Ever wonder how your morning cup of coffee came to be? Every year, Dunkin’ Donuts sells more than 1.8 billion cups of hot and iced coffee globally, but many coffee drinkers may not know what kind of work goes into their morning cup of coffee. My name is Helene Marsot and I’m the Senior Manager of Quality Assurance and a member of the Coffee Excellence Team at Dunkin’ Donuts, and over the next year I’ll be writing a series of “Tree to Cup” blog posts giving you exclusive insight into the many steps we take to ensure you receive the perfect cup of coffee, before it’s even poured into your cup. For this first post, I’ll dive into one of my favorite quality assurance activities, cupping!
One of the most important parts of my job is to ensure the quality and consistency of our coffee beans right from the start. So how do I make sure the billions of cups of coffee Dunkin’ Donuts serves each year are consistent? Simply put, I taste the coffee…a lot. This is done through a process called “cupping,” which is a full sensory evaluation of any coffee we consider for our restaurants.
What is Cupping?
During a cupping session, I look for certain characteristics and quality in the coffee, like it’s fragrance, body, and acidity, and ensure there aren’t any defects. If there are, we scrap and “reject” the coffee that doesn’t meet our standards and start from the beginning…with a lot of new coffee! Cupping is something I do at the coffee mills and coffee laboratories at “origin,” the countries we source our coffee beans from. I also cup weekly with the larger Coffee Excellence team at our headquarters in Canton, Massachusetts.
The Cupping Process
When cupping, we lay out a row of small cups that are partially filled with freshly ground coffee. Sometimes the cups are grouped into different sections to represent different coffee types. The first thing we do is smell the dry coffee and look for certain fragrances that are unique to each origin country. For example, for a Peru coffee, we look for a fruit-like fragrance. Then we pour very hot water over the coffee and let it infuse for about 10 minutes. The grounds float to the top and form a foam-like crust. After 10 minutes, we break open the crust with a spoon and lean in close to take in the aroma.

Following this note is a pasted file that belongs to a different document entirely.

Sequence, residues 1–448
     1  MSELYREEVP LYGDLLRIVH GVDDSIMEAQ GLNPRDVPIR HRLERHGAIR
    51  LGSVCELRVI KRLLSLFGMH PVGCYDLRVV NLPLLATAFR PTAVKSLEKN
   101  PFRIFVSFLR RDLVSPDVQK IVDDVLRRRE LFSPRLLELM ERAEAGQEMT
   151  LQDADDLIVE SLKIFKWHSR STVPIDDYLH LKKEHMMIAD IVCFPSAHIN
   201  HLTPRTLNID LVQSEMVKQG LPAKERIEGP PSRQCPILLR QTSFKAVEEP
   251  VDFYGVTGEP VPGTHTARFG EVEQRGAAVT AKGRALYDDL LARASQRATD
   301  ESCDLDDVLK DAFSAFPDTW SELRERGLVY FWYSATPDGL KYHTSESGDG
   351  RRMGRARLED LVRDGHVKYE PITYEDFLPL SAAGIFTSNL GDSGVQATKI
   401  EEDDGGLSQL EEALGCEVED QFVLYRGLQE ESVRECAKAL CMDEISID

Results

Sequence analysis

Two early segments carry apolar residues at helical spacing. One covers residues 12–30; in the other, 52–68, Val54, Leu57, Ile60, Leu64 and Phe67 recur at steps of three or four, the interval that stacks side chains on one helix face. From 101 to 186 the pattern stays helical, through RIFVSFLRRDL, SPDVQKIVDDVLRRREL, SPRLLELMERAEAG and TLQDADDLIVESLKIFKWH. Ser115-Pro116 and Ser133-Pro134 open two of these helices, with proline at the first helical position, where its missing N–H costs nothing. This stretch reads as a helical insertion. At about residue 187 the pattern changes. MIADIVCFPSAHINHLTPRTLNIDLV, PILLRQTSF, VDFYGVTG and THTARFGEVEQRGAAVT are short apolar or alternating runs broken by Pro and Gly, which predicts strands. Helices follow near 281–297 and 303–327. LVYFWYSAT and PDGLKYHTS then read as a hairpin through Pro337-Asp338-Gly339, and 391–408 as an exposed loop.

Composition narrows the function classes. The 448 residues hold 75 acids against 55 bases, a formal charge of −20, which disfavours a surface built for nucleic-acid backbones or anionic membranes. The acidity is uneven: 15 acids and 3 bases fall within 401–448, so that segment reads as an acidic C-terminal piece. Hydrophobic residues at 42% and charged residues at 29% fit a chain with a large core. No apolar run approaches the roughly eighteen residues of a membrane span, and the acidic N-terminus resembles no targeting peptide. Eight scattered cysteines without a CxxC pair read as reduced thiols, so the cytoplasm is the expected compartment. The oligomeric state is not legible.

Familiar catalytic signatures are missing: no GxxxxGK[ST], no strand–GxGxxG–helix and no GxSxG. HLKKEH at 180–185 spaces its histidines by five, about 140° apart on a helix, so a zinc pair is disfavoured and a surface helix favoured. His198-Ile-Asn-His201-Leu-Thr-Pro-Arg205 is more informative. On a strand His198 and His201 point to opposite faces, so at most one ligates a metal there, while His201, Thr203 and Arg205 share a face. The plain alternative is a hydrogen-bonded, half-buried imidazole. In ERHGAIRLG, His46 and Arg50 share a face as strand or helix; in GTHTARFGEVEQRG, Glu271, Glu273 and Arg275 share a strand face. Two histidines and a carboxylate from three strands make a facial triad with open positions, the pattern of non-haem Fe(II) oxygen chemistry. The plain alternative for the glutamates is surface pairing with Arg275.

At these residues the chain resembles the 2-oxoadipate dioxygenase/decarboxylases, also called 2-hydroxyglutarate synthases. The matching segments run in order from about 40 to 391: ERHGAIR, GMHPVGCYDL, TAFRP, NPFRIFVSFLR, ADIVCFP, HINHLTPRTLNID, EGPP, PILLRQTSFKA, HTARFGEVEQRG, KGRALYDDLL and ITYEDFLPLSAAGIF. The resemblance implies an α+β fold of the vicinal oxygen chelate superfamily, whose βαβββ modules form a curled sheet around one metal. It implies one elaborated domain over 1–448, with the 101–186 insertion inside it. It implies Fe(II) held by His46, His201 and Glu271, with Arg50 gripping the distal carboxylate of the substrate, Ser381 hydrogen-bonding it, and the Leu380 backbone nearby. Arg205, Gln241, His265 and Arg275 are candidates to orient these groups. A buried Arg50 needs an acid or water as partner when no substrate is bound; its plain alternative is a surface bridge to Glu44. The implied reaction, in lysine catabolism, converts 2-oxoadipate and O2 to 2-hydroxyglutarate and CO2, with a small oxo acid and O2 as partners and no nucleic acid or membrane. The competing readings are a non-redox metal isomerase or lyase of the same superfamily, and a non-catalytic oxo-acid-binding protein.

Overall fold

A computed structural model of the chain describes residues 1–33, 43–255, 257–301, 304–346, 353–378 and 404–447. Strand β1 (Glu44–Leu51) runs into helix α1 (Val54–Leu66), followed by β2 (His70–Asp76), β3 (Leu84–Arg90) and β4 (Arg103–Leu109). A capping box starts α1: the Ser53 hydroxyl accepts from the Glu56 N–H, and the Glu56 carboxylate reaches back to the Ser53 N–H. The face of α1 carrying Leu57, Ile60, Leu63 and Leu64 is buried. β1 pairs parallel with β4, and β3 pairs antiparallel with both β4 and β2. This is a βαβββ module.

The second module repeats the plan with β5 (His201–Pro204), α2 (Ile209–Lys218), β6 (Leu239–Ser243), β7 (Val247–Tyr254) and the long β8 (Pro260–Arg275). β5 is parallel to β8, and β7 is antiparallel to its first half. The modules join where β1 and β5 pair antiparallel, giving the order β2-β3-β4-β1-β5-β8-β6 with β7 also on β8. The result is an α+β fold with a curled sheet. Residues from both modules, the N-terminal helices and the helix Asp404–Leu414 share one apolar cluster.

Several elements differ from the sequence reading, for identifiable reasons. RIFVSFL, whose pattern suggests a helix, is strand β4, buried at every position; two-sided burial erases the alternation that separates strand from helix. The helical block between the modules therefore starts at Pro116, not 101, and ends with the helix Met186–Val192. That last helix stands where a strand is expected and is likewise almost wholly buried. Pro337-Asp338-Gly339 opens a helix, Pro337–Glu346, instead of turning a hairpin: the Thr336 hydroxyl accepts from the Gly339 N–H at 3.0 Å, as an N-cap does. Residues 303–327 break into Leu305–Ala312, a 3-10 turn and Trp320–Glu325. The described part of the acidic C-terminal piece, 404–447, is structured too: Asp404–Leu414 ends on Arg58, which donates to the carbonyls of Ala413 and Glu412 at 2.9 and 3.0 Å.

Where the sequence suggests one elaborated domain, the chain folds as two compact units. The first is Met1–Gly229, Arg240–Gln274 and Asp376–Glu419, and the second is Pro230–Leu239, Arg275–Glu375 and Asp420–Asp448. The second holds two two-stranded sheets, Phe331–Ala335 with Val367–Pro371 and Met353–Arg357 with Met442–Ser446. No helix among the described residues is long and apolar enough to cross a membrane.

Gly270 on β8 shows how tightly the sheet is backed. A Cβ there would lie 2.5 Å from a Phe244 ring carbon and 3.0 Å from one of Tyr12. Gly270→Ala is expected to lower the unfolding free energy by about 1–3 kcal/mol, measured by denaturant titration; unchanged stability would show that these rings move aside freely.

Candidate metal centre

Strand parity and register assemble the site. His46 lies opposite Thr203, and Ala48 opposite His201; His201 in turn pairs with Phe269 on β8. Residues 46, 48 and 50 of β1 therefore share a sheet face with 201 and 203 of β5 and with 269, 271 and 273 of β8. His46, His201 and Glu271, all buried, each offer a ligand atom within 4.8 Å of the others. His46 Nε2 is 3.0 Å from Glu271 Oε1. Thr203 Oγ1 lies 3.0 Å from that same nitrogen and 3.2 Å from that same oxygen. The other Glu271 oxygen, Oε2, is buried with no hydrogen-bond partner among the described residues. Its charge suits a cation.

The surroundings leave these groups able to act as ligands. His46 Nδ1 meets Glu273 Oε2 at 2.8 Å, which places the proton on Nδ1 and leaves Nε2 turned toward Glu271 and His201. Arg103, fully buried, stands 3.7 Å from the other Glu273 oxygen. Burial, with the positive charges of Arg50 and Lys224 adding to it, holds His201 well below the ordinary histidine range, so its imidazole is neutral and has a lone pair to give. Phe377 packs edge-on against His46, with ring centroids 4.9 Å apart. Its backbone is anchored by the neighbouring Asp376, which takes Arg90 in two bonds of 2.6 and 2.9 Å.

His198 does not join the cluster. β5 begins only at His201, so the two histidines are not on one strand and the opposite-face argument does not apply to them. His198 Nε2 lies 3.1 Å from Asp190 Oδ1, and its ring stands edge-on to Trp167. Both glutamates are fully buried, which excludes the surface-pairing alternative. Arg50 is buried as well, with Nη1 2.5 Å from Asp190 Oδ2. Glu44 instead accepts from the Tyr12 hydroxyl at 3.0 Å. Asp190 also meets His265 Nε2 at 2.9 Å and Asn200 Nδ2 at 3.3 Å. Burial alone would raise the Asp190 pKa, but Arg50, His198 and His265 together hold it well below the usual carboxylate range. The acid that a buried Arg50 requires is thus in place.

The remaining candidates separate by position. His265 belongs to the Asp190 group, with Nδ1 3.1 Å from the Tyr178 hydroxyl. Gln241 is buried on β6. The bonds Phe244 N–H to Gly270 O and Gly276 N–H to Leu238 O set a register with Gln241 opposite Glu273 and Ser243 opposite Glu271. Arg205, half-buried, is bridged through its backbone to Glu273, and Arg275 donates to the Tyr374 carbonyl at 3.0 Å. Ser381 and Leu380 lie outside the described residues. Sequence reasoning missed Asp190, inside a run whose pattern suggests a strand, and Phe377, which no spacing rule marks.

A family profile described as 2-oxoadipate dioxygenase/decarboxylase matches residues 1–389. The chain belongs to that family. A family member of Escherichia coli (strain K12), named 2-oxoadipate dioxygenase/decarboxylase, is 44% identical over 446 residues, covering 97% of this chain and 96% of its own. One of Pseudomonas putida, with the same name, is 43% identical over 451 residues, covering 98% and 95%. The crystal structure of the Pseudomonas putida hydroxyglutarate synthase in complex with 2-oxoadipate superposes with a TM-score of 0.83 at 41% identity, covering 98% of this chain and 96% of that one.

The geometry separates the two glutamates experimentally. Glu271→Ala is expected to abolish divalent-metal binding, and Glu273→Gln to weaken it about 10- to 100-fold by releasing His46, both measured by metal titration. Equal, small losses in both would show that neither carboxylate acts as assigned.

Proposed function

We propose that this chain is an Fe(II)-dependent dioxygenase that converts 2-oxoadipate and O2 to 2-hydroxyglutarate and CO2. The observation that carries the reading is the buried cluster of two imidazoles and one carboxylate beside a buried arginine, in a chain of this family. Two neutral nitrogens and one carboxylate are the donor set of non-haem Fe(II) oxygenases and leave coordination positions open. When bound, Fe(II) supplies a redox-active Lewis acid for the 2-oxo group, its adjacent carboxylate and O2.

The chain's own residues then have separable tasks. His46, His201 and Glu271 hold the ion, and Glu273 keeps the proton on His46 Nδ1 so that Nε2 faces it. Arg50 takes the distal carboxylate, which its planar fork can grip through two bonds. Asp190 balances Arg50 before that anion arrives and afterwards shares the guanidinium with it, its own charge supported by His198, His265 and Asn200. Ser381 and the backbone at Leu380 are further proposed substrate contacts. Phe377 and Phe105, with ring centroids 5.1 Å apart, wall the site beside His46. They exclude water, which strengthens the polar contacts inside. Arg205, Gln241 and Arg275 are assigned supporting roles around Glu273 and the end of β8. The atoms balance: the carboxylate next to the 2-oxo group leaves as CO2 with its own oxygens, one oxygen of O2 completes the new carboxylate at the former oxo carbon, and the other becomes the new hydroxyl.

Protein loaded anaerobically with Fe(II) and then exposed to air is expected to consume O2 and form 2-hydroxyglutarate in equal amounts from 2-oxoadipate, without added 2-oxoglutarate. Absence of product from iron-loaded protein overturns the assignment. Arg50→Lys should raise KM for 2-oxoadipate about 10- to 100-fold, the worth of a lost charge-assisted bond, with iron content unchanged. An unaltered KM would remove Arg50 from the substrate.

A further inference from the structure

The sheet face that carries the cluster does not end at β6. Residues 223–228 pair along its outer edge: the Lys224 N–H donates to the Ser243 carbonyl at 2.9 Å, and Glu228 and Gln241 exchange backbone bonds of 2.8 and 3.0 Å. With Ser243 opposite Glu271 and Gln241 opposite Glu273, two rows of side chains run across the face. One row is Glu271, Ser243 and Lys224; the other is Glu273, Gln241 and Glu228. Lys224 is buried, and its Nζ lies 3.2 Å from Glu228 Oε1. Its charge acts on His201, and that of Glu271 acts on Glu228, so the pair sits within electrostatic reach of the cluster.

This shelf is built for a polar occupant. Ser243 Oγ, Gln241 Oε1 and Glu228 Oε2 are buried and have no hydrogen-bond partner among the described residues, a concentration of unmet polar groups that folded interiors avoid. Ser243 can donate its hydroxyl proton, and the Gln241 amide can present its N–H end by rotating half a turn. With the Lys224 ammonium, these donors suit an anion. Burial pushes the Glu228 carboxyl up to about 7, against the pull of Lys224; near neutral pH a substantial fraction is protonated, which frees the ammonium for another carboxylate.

Next, we sip a spoonful of the coffee and take in the different taste profiles like body, acidity and balance. Then, we usually spit the coffee out to avoid becoming too caffeinated. After all, we typically taste more than 100 cups of coffee per cupping so we need to make sure we pace ourselves! That being said, we always make sure we drink one or two spoonfuls of each coffee type so we get the full experience, just like our guests.
From this process, we put together a sensory profile. We score each cup from 1 to 7 on acidity, aroma, sweetness, finish, balance, fragrance and body. If any of the sample cups we taste from a container falls short, we reject the entire container. If it is up Dunkin’s high standards, we okay the lot which means it could become your morning cup of coffee!
There’s an abbreviated account of what goes into cupping at Dunkin’ Donuts. Next week I’ll give you a peek into one of my recent visits to our coffee partners in Peru, so be sure to check back to see the next step in the journey from tree to cup!